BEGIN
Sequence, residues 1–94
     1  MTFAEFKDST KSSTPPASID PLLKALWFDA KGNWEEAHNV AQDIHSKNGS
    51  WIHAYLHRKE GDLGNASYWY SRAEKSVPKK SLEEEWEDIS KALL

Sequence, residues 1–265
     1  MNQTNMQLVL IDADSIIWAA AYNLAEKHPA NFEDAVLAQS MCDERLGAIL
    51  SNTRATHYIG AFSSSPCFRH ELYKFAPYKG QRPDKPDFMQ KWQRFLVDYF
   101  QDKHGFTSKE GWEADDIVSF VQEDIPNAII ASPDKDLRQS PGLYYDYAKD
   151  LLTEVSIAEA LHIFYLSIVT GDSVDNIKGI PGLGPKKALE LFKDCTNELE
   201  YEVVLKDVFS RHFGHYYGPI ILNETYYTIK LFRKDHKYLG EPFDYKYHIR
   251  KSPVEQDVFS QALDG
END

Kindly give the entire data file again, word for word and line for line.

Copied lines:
Sequence, residues 1–94
     1  MTFAEFKDST KSSTPPASID PLLKALWFDA KGNWEEAHNV AQDIHSKNGS
    51  WIHAYLHRKE GDLGNASYWY SRAEKSVPKK SLEEEWEDIS KALL

Sequence, residues 1–265
     1  MNQTNMQLVL IDADSIIWAA AYNLAEKHPA NFEDAVLAQS MCDERLGAIL
    51  SNTRATHYIG AFSSSPCFRH ELYKFAPYKG QRPDKPDFMQ KWQRFLVDYF
   101  QDKHGFTSKE GWEADDIVSF VQEDIPNAII ASPDKDLRQS PGLYYDYAKD
   151  LLTEVSIAEA LHIFYLSIVT GDSVDNIKGI PGLGPKKALE LFKDCTNELE
   201  YEVVLKDVFS RHFGHYYGPI ILNETYYTIK LFRKDHKYLG EPFDYKYHIR
   251  KSPVEQDVFS QALDG